Down and out in the class war

Suzanne Moore notes the death of the working-class hero - destroyed by drink, drugs, sex and violenc

A working-class hero is something to be. But only if you like the working class and much of the time I don't. I grew up in a class where people made themselves deliberately stupid; they became narrow-minded, closed down and hemmed in. I cannot romanticise the working class and, even if I wanted to, there are few role models. If I were male and northern, maybe I could see myself in a Ken Loach movie or Coronation Street or even glimpse something of myself in the contorted exclamations of John Prescott; but I am female and from the south. I have never lived in Victoria Wood-land nor am I one of the Scots, the new carriers of authentic working-class identity.

Anyway, I have moved class. Accidentally, grudgingly perhaps, but undeniably. I got an education and a job in the media. How much more upwardly mobile do you want? I don't work in Boots, which would have been my mother's aspiration for me. Yet I am not comfortable with being middle class because, if there is anything worse than the working classes, it is the middle classes, and any prolonged encounter with a middle-class person reminds me that I am not one of them. I just do not have the sense of entitlement, nor the capacity for worry.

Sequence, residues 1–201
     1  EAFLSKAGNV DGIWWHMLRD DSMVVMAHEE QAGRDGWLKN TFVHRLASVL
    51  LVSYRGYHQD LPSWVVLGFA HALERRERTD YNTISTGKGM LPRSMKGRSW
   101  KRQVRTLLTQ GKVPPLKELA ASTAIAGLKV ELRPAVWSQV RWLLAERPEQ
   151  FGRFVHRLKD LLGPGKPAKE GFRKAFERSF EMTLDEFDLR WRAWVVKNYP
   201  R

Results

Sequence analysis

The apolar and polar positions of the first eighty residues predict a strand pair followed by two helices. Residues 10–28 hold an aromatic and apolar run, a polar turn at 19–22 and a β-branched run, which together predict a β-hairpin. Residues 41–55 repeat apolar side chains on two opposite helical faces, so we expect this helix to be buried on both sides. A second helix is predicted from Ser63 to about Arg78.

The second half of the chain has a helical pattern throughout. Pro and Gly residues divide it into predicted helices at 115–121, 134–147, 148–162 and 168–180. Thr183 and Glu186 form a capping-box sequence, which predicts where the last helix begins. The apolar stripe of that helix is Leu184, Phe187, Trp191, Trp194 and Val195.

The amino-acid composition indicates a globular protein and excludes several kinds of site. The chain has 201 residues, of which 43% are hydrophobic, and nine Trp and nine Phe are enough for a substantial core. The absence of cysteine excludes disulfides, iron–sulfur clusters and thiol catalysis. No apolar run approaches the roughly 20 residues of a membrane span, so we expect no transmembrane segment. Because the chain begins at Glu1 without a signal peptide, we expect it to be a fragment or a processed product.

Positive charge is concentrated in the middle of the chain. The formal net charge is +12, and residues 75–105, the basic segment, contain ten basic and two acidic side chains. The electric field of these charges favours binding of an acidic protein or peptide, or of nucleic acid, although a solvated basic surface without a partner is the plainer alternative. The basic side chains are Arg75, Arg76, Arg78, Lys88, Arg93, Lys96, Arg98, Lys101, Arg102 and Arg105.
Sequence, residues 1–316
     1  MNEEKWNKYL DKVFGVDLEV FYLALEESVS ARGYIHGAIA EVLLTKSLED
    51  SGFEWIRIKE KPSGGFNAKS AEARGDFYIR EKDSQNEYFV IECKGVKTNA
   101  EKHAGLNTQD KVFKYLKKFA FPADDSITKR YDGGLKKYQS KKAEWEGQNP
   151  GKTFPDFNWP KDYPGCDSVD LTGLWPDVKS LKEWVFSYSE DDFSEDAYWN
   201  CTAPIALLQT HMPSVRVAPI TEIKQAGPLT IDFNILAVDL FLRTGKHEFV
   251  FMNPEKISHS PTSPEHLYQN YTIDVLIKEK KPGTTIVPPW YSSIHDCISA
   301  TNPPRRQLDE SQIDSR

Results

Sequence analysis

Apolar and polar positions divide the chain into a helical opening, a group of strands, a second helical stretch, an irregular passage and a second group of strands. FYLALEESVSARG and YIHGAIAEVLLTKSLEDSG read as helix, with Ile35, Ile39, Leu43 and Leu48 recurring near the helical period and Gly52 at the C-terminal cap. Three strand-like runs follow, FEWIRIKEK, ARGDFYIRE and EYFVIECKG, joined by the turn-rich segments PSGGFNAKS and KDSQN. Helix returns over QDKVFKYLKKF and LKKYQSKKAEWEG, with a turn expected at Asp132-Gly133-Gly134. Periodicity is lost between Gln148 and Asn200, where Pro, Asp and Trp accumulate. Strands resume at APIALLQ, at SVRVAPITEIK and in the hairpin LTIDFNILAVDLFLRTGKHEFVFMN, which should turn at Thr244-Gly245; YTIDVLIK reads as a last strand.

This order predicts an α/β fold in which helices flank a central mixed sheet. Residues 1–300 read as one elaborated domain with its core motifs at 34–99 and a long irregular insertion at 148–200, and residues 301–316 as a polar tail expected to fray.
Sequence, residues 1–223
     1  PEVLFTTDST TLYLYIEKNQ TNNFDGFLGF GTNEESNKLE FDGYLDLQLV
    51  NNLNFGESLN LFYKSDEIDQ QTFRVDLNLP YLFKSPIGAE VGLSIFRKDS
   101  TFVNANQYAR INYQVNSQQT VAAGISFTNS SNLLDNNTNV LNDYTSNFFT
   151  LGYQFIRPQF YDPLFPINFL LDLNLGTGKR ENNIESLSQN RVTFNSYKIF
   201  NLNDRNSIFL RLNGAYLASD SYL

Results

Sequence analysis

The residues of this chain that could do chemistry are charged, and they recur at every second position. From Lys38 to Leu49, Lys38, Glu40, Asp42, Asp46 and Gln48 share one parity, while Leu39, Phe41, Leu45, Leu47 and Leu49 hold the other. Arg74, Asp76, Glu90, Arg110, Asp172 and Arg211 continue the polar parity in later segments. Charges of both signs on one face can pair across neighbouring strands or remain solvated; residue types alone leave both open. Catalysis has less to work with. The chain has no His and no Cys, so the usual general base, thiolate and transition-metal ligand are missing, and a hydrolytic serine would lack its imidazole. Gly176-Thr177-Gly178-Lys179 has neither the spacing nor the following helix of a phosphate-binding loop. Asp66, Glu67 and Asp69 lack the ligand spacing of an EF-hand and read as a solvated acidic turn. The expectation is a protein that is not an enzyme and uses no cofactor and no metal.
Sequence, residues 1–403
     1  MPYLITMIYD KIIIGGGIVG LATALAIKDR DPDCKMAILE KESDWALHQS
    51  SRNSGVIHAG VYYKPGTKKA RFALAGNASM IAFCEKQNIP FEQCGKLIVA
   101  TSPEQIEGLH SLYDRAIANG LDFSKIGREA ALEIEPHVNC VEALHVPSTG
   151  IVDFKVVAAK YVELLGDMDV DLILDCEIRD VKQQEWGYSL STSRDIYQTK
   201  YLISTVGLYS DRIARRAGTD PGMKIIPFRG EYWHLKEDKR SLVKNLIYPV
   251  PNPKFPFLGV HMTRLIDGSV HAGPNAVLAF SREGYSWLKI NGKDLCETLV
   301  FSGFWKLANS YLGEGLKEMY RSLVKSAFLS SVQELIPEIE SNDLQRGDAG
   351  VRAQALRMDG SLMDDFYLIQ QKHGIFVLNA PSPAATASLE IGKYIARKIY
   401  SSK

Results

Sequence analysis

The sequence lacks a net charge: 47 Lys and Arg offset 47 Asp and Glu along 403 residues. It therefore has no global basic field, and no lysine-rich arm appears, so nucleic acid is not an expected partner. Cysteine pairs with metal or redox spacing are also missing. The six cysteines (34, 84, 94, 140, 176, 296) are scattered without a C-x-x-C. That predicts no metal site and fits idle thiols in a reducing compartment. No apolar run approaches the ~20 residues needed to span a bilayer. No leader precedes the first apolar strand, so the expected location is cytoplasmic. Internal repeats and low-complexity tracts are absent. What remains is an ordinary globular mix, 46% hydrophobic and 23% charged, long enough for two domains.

Strangely enough, I managed to avoid the full horror of the bourgeoisie, even though I studied a lot of Marxist theory at college. An interesting theory, I thought lumpenly at the time, but nothing to do with my life. It was only when I was asked to read books called things like Working-Class Culture that I started to feel uncomfortable. My culture, I argued now that I was finally aware that I was in possession of one, should not be an object of anthropological study. "Who walks around with books called Middle-Class Culture?" I demanded. It wasn't till I worked at the Guardian that I fully realised what it meant to be middle class. Not just middle class . . . but concerned. Anger may be an energy, as Johnny Rotten may have sung, but anger is a working-class energy. To be middle class, I realised, was to be permanently indignant but never full of the kind of righteous and bloody-minded anger that makes you know you are alive. It also means, as far as I can tell, never really enjoying yourself.